Banking & Finance

Why Does Goldman Sachs (GS) Need Buffett?

UnderGoldman Sachs (GS) appears to be out of the woods of the credit crisis. It will take on the mantle of being a bank holding company. The Fed is likely to buy its toxic mortgage paper assets. If Paulson gets his way, they will even be redeemed at close to their original value, a gift of stupendous proportions.

Goldman made money last quarter. Perhaps it was not as much as a year ago, but there was no sign of trouble hiding in the 10-Q. The financial company’s stock price is up 45% from its low. There is nothing to indicate that the next few quarters will undermine Goldman’s ability to do business or keep clients.

There has always been some chance that Goldman could go the way of Lehman, but it does not have the failed financial company’s huge leveraged portfolio of commercial property.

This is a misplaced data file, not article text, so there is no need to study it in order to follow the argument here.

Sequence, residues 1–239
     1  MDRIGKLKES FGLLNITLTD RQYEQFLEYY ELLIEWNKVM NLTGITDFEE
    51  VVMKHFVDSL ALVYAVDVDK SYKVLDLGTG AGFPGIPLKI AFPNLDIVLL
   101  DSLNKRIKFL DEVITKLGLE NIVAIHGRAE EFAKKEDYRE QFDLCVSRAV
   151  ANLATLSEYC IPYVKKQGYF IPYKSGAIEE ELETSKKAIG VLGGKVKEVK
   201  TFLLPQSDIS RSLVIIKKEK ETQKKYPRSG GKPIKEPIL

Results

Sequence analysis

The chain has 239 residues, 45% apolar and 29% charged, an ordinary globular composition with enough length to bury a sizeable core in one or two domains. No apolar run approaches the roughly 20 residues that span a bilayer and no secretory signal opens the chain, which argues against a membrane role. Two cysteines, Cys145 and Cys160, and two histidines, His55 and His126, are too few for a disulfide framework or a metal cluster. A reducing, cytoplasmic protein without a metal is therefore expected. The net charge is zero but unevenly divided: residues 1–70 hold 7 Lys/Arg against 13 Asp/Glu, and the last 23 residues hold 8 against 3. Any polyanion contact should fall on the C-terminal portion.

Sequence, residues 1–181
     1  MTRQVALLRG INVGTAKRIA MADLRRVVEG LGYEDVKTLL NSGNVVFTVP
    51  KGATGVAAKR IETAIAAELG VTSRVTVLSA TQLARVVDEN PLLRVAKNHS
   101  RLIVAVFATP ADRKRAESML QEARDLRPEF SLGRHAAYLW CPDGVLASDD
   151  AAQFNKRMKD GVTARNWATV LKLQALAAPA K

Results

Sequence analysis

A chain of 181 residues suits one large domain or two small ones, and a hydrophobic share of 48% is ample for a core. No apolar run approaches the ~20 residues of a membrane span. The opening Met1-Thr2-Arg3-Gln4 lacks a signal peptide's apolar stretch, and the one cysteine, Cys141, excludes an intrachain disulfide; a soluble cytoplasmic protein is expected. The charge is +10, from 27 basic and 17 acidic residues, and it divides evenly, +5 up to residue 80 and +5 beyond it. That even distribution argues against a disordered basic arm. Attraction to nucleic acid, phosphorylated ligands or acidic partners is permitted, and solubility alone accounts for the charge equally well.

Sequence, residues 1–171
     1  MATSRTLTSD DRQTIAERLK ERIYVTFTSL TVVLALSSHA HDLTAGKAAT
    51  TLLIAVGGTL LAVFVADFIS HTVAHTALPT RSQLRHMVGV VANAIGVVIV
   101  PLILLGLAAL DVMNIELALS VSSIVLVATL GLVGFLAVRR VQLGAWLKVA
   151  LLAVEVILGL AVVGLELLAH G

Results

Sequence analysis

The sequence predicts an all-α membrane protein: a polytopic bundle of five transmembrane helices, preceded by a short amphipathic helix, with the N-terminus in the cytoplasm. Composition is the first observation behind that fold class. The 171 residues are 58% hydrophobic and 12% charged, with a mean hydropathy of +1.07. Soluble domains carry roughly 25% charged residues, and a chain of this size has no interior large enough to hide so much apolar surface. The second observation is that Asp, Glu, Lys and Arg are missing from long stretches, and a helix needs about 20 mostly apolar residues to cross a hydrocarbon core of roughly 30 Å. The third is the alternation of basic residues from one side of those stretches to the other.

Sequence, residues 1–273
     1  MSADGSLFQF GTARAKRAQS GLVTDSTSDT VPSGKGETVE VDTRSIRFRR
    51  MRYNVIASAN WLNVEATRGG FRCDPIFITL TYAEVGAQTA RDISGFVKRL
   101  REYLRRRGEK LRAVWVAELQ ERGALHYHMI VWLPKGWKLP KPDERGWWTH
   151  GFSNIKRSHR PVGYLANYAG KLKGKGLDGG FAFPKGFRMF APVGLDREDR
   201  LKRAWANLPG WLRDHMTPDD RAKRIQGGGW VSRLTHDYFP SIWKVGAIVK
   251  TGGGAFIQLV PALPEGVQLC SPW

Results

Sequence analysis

Getting Warren Buffett in as an investor may be a Good Housekeeping Seal of Approval, a stamp that confirms that Goldman is okay. For $5 billion, Buffett gets preferred shares and warrants. Goldman’s market cap is only $54 billion, so that is a potentially large amount of dilution.

By converting to bank holding company, Goldman is in a position to bring in a deposit base to improve the foundation of its balance sheet. It may do that by buying up commercial banks. With its reputation as one of the premier financial companies in the world, those deposits would probably not be hard to come by.

Buffett being Buffett probably means that Goldman’s shares will move up sharply on the news. That may negate any dilution issues within a day of the old man making his investment. But, that will not offset the 10% dividend Buffett gets on his shares. That is higher than most subprime borrowers pay for a car loan. It is, in the scheme of things, exorbitant.

If the Paulson rescue package is approved and Goldman’s balance sheet gets an nearly automatic improvement as the government takes its junk in trade for cash, the arrangement with Buffett may have been an affirmation of the firm’s value, but it will have come at an unnecessarily high price.

Douglas A. McIntyre